On 5 May, Amy Lenzo (*) gave an online masterclass on “Hosting and harvesting online VS physical” to the community of practitioners of the Art of Hosting at the European Commission (**). My takeaways (actually apply to any online session):
“It’s not a question of technology, it’s a question of relationships”
- 90% of your experience, skills, practice as organiser of physical events can be transposed into online events. Reassuring, isn’t it?
- The quality of your presence, trust and how you hold space, are just as important online as in the physical world
- Never host alone an online session, be part of an hosting team
- The hosting team must consist of at least one process host and one tech host (for all technical aspects) or more for large groups
- The use of the camera is mandatory for speakers, and highly recommended for all participants (with muted mikes)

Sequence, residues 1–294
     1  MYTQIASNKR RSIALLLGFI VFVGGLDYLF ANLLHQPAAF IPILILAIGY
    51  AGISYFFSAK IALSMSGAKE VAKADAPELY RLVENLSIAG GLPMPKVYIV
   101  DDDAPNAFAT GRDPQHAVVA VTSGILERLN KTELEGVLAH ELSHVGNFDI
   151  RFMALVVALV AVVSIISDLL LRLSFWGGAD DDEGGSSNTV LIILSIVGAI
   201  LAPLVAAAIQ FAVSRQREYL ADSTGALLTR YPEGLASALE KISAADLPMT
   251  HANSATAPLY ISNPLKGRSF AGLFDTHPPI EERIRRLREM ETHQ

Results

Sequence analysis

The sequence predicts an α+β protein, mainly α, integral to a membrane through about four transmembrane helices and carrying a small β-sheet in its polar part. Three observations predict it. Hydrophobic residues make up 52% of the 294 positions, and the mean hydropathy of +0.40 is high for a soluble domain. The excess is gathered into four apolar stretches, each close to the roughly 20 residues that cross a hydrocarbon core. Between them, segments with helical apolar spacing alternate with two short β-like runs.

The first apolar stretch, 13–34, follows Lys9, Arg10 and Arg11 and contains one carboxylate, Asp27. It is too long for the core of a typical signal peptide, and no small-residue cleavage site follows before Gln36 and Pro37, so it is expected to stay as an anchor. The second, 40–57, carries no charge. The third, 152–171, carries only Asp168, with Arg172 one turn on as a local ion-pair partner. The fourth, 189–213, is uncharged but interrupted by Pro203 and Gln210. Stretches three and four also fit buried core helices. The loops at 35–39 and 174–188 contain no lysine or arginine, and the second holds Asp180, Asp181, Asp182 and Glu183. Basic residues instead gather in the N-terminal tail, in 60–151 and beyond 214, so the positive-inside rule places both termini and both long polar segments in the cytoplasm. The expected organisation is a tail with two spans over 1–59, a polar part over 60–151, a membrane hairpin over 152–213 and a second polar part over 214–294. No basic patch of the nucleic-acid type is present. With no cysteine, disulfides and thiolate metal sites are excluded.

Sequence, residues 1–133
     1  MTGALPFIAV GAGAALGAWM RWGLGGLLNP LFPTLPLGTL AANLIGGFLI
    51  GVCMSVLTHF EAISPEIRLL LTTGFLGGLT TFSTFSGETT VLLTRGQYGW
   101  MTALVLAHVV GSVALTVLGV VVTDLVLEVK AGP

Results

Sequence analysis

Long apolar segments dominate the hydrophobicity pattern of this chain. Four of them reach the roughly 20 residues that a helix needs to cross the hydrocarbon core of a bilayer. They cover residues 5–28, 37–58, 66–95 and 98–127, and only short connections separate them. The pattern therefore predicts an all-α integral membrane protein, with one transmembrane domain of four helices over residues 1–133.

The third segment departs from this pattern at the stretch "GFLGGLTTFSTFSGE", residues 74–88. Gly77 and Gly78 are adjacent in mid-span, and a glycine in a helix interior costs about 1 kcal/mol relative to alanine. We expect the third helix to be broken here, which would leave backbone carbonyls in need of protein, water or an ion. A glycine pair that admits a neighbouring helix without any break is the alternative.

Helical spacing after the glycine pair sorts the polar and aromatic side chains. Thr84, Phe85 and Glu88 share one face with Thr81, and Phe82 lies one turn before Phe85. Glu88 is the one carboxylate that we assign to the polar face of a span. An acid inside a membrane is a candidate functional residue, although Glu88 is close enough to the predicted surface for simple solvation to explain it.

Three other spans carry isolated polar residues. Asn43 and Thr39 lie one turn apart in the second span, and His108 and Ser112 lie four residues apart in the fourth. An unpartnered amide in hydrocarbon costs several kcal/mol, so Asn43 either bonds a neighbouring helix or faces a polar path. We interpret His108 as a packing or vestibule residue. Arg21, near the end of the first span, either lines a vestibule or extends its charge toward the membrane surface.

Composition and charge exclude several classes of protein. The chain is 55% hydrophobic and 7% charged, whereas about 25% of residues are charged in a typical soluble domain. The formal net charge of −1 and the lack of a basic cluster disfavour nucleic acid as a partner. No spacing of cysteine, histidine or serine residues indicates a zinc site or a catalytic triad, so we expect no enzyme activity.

- To keep participants’ attention, speakers can only use the visible/audible part of their body language: their face and their voice. Then, it’s crucial to smile with the whole face and to have a catchy tone and rhythm of voice
- Keep in mind that everything is amplified online: your voice, your unconscious bias, space and time.
This was also my first live graphic recording using the Procreate app (***). Only a few days after installing it on my tablet (it’s crazy, I know, but I like these challenges). My first learnings to start with Procreate:
- Many years of experience with layers on Photoshop has helped me a lot. If you’re not familiar with layers, take time to learn how they work and to play with them
- Select your fave brushes in advance. You can waste precious time looking for what you need during a live event. Mine were Technical pen, Acrylic and Wet Acrylic, and Hard Airbrush (I still have to learn how to have them available in one click)
- Select your fave colours in advance for the same reason as for the tools (I still have to learn how to create my colour palette in advance)
- Know the undo/redo gestures
(**) At the European Commission, the Art of Hosting is called the Art of Participatory Leadership